I’m not quite done yet with my Army Reserve career. I am done with certain aspects of it. I will never be able to deploy again, among other things. But I am still in it for the one weekend a month, two weeks a year, for now. And by the way, as most of my fellow reservists can attest, the “one weekend a month, two weeks a year” thing is really more of a suggestion. There were calendar years in the past where I logged close to 100 days as a reservists, NOT counting the active duty time for deployments. I was gung-ho. Now, I only do my one weekend a month. I may or may not even do my “two weeks” this year.
As I’ve written about in previous posts, I was always the lead for the suicide prevention and awareness training at the different units I was part of. I was very good at it. I took the best of the best of all the resources and training materials I had at my disposal and made a presentation from those parts. I didn’t use the standard slide show provided by the Army. I rarely used videos from the Army’s suicide prevention website. I wanted the training I was conducting to feel different from all the other mandatory training we were forced to sit through. I wanted it to be real and memorable. I never facilitated “check the box” training. “Next slide.”
My section leader at my unit has asked me to go to one of our downtrace units to lead suicide awareness training next month. It’s been a while. I haven’t conducted that training since a few months before my failed suicide attempt in 2015. I write about it here. But I haven’t spoken to a group about it in over a year and a half. I have a million things going through my mind about how to approach it, how to get comfortable being in that role again. It was always emotional doing the training because I took it very seriously and had previously fought off thoughts of suicide. I would even incorporate my personal story into the training. But now, I’ll be doing the training after a failed attempt, not just thoughts.
That changes the whole dynamics for me doing the training. At least in my mind it does. Am I still qualified to facilitate suicide awareness training? That’s a rhetorical question. Of course, I am. But in my mind, while I’m doing the training, what will be happening? Will I be emotionally strong enough to talk out loud, to a group of fellow Soldiers, about the risks of suicide? Will I be able to intelligently get my point across without becoming a complete idiot because of what I know will be going on in my head during the training? Will I be able to focus?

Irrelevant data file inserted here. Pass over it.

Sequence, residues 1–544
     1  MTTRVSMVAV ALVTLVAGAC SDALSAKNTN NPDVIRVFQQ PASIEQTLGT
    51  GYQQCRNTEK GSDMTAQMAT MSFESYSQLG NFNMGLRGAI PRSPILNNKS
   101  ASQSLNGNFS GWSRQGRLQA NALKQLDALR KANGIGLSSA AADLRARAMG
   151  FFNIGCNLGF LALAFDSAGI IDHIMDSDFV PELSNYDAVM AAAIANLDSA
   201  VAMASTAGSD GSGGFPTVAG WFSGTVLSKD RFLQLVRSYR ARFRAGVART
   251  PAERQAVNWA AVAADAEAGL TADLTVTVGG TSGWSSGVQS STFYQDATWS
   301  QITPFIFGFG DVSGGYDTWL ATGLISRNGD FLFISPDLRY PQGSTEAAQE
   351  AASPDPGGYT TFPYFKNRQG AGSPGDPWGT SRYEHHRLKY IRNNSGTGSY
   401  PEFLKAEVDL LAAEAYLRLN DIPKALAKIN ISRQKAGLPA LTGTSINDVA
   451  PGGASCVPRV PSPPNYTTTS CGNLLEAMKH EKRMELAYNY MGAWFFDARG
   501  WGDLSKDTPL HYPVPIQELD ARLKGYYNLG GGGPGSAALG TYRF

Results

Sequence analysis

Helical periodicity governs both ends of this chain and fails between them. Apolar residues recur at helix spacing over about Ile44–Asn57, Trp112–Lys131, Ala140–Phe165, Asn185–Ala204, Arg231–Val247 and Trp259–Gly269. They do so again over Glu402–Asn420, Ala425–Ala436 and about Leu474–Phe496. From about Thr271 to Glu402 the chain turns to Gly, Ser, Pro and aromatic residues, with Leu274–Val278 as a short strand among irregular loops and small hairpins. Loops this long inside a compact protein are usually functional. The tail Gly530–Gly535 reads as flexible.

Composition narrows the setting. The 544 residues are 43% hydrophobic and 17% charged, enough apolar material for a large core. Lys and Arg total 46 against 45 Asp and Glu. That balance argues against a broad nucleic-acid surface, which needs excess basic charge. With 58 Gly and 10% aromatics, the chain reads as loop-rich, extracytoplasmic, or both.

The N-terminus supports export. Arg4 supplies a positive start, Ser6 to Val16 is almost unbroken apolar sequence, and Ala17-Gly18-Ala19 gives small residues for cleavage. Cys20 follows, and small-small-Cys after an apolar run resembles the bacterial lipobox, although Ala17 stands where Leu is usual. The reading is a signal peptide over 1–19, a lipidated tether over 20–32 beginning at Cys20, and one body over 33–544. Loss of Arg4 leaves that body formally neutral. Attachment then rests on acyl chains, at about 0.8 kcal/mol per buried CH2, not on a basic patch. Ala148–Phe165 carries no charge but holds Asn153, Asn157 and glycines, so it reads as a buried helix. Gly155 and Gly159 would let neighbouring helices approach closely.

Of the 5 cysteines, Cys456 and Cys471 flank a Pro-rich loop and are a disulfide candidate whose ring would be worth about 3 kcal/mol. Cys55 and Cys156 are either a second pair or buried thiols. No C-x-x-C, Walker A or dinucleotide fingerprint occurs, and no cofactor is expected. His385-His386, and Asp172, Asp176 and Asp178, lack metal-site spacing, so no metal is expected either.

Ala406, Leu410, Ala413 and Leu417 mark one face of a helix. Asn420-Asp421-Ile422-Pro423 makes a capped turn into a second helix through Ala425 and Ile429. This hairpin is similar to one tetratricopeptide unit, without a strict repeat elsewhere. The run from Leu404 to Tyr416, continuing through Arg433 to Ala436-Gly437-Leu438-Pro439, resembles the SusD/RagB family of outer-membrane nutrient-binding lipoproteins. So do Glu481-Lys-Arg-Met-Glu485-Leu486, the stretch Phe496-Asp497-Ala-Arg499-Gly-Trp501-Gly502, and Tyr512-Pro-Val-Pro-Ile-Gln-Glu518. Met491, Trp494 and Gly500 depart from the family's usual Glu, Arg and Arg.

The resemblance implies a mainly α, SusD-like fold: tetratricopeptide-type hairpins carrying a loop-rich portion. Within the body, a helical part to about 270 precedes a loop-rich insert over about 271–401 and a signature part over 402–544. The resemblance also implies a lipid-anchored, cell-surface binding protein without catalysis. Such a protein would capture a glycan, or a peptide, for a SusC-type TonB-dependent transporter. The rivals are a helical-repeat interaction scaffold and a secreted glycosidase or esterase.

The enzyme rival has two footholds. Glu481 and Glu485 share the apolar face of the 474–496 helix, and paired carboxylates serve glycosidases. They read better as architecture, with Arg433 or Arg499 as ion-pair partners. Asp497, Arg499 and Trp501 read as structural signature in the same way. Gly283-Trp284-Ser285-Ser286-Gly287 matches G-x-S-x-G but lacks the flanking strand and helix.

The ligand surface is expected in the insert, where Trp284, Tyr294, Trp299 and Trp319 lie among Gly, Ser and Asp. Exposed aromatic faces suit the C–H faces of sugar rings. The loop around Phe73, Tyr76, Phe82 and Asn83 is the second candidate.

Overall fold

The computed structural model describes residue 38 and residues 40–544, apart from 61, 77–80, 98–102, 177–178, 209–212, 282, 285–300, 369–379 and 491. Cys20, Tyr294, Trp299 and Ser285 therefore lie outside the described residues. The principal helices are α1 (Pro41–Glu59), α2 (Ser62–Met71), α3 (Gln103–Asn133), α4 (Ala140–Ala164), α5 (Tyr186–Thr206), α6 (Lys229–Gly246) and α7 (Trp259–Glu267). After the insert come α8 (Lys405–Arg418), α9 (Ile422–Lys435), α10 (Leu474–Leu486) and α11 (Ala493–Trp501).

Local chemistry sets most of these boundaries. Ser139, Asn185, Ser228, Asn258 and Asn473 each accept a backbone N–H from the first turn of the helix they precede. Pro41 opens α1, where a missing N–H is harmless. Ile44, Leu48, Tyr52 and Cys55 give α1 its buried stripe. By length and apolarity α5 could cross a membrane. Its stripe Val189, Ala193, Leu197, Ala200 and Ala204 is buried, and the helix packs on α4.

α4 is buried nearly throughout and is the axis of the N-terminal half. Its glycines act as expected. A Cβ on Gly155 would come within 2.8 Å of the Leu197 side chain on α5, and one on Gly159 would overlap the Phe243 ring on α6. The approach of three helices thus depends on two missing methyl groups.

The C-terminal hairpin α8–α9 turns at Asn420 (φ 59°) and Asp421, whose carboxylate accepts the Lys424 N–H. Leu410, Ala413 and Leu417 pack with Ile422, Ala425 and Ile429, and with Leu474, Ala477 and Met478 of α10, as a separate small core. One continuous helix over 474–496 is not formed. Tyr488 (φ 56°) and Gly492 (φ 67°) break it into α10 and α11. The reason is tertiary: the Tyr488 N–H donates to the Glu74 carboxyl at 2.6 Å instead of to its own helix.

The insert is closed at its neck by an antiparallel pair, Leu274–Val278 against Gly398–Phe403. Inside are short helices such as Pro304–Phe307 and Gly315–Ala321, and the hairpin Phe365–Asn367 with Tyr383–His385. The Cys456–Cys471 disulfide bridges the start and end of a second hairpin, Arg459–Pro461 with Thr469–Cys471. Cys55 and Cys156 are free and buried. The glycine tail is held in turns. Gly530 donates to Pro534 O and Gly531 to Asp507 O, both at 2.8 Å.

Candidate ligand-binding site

Writing about suicide is easy, for the most part, compared to speaking to a group. I can write, take a break, compose my thoughts, come back to it, write some more, change my mind and write about something else altogether. I won’t have that luxury in front of a live audience. Once I start, I have to see it through. There will not be a stopping point to compose my thoughts, take a break, or change my mind. There are many things we do as Soldiers where we sort of remove ourselves from the reality of what is going on around us. I fear this won’t be one of those instances.
Every word I speak to the group about suicide awareness will be echoing in my mind and reminding me that I was almost a statistic not very long ago. I fear that every emotion I felt during that dark time of my life will resurface in my mind while I’m trying to conduct the training. My mind is a mess already, just thinking about it. What you don’t see here is that I took a break from writing this last night to continue this morning. I slept horribly. My mind was going a million miles an hour. Again, I won’t have the luxury of a break during training.
I know I’ve come a long way in my mental recovery since August 2015. But there are situations that still bother me. There are still thoughts in my head that make me uncomfortable. I guess the next part of my recovery is getting back in the saddle with conducting suicide training again. I will be mentally prepared. I will be academically prepared. And I will do my best to be emotionally prepared. Before some of you give me the rah-rah pep talk of how great it’ll go, or the talk of how maybe I should avoid the situation, I got this. I am a professional Soldier. I am a leader. I must always put the mission first. This will be no different.
Until my career in the reserves is completely done I will continue to do the things I’m capable of doing when asked. While conducting suicide training again is going to be very hard, I know I am capable of it. I know it will be uncomfortable, but I know it’s my job. I know I will obsess over this for the next few weeks, maybe even lose sleep like I did last night. But I got this. I have to, someone’s life might be depending on it
Thank you for reading. Thank you for taking a walk through my mind with me while I hash things out. This is good therapy for me. Good day, God bless
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